This week at the SCC

The Supreme Court of Canada will hear three appeals this week, its first of the fall session. The first two appeals involve charges of sexual assault against Indigenous persons, while the third concerns an alleged Charter breach in a search-and-seizure case.

The Supreme Court of Canada will hear three appeals this week, its first of the fall session. The first two appeals involve charges of sexual assault against Indigenous persons, while the third concerns an alleged Charter breach in a search-and-seizure case.

 

October 10 – Manitoba – J.W. and REO Law Corporation v. Attorney General of Canada, et al.

Civil procedure, class actions: While a student at an Indian residential school, a nun grabbed the appellant J.W.’s penis while he was in line for the shower. Following the establishment of the Independent Assessment Process under the Indian Residential Schools Settlement Agreement, J.W. filed a claim arguing compensable sexual abuse, which was denied on the basis that he had failed to establish the nun’s act had a “sexual purpose.” A supervising judge for the IRSSA in Manitoba partially granted the declaration sought by J.W. and found that the review adjudicators had failed to correct the error of the original hearing adjudicator, namely that J.W. needed to prove a “sexual purpose.” The Manitoba Court of Appeal allowed Canada’s appeal, finding that the supervising judge had exceeded his jurisdiction and misinterpreted the terms of the IRSSA.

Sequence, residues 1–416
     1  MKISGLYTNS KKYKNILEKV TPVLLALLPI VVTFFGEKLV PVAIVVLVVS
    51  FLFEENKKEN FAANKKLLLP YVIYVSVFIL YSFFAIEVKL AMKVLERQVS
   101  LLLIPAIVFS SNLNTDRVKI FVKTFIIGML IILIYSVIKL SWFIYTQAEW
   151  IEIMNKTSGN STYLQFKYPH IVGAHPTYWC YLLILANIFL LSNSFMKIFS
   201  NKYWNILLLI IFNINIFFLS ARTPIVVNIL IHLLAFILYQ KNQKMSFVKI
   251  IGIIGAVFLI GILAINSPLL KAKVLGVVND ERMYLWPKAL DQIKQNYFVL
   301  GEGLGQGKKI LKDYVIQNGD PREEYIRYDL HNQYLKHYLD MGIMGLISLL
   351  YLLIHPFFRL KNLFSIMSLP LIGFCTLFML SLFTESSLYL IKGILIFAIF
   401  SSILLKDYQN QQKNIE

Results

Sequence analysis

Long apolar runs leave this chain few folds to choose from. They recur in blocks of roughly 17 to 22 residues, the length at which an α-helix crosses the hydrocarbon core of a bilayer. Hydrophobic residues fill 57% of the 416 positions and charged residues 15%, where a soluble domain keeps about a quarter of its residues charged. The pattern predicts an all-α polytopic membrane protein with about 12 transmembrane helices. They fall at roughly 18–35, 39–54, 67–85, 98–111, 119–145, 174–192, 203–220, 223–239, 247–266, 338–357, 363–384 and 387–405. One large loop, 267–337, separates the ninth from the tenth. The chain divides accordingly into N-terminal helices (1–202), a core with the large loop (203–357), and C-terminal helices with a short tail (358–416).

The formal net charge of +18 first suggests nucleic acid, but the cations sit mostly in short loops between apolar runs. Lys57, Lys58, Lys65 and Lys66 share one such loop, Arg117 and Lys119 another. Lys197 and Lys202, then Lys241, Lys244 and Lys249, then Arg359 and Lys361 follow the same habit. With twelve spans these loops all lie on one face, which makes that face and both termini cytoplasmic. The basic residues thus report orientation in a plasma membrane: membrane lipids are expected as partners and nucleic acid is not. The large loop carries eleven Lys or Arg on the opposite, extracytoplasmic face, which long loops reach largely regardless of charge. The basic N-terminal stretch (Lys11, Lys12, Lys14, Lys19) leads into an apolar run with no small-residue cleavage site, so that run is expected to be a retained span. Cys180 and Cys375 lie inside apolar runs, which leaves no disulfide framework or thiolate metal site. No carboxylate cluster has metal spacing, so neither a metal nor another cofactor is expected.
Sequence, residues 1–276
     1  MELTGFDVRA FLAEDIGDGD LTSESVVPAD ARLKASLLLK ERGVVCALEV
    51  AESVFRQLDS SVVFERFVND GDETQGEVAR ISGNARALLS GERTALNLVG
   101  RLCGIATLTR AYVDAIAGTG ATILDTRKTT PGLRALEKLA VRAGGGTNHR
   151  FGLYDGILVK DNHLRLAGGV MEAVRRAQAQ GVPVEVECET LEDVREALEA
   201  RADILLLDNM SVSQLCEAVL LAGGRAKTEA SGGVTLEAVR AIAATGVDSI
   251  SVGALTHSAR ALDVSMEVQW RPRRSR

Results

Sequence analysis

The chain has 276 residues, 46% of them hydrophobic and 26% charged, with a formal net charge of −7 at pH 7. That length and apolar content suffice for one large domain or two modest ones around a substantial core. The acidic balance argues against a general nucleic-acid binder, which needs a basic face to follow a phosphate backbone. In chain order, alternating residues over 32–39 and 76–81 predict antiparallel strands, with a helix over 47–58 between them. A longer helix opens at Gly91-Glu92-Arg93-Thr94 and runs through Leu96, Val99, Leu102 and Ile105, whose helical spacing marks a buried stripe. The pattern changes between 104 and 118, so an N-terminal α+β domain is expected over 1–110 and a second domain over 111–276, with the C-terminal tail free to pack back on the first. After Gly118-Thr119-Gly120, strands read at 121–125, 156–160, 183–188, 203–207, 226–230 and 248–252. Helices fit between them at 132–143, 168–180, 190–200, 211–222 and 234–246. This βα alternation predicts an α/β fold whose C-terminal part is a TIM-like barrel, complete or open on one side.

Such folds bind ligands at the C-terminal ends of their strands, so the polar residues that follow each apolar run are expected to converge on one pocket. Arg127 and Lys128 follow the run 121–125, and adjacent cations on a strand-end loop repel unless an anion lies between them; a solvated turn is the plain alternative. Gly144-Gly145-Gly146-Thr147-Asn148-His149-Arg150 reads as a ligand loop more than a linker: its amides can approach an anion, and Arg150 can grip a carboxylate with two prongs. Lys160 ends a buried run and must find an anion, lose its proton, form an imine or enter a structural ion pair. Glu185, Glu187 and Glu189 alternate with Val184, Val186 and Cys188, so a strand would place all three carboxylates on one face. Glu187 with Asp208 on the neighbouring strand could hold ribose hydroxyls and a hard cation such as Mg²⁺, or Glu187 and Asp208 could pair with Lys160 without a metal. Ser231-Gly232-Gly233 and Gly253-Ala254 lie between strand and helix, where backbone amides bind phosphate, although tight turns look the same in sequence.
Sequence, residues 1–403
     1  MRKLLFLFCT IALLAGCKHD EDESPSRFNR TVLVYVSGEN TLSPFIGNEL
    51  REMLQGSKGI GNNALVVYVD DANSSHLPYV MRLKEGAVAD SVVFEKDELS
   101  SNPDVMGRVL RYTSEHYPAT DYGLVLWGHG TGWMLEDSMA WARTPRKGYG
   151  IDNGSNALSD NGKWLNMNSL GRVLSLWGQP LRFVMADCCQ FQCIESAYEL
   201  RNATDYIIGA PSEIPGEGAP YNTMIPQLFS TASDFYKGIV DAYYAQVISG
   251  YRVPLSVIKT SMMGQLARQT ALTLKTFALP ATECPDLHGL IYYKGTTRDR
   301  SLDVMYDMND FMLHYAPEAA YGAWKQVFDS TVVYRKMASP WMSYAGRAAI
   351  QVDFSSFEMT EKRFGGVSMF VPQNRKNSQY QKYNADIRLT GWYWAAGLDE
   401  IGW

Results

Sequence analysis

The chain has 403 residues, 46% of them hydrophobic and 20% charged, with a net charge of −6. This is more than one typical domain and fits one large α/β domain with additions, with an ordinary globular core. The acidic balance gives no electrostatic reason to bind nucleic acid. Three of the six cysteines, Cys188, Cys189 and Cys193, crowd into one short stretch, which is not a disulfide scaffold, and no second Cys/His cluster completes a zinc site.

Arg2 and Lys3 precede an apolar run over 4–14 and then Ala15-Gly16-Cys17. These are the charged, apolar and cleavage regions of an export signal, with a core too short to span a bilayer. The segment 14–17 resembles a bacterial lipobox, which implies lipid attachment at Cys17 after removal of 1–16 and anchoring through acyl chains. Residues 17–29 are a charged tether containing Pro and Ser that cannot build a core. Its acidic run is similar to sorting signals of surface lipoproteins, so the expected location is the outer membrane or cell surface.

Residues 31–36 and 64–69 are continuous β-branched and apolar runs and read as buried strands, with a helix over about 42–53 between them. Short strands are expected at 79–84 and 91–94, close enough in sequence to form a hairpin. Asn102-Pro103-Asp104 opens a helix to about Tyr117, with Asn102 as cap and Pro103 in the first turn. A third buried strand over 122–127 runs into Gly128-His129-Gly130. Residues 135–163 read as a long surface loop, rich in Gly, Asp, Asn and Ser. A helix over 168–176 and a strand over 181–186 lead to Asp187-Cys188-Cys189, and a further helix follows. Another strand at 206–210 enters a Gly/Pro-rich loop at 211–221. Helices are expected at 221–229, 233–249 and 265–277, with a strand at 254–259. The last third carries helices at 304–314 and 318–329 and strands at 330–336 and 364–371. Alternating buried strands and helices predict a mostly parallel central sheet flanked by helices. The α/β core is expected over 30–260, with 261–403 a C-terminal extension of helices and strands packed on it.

Read the appellate court decision here.

Related law firm bulletin:
Ontario Court Of Appeal Summaries (September 10-14, 2018); Blaney McMurtry LLP

October 11AlbertaBarton v. R.

Criminal law: Cindy Gladue bled to death in the bathtub of the appellant Barton’s Edmonton hotel room. An injury to her vaginal wall caused her death. Barton admitted hiring Gladue as a prostitute, but claimed the injury was an accident resulting from consensual sexual activity and that she bled to death after he fell asleep. Crown counsel argued at trial that Barton intentionally inflicted the fatal injury and was guilty of first degree murder; alternatively, Crown argued that Gladue did not consent to the conduct that caused the injury and that Barton was guilty of manslaughter in causing death in the course of a sexual assault. Following Barton’s acquittal, the Court of Appeal granted the Crown’s appeal, set aside the acquittal and ordered a new trial.

Read the appellate court decision here.

Related news story:
Supreme Court will hear appeal of new-trial decision in Cindy Gladue case; CTV News

October 12 – Ontario – Tom Le v. R.

Charter of Rights: The appellant was charged with several firearm and drug-related offences. At trial, he argued that police had violated his constitutional rights to be free from arbitrary detention and unreasonable search and that the evidence should be excluded under s. 24(2) of the Charter. The trial judge found no violation of Charter rights, but, if there was any Charter violation the evidence should not be excluded. The appellant was convicted on all charges, and the majority of the Court of Appeal dismissed his appeal. Lauwers J.A., dissenting, would have allowed the appeal, and directed that verdicts of acquittal be entered, as he was of the view that the appellant’s Charter rights were breached by the police.

Read the appellate court decision here.

Related news story:
Case on privacy rights headed to SCC; Law Times


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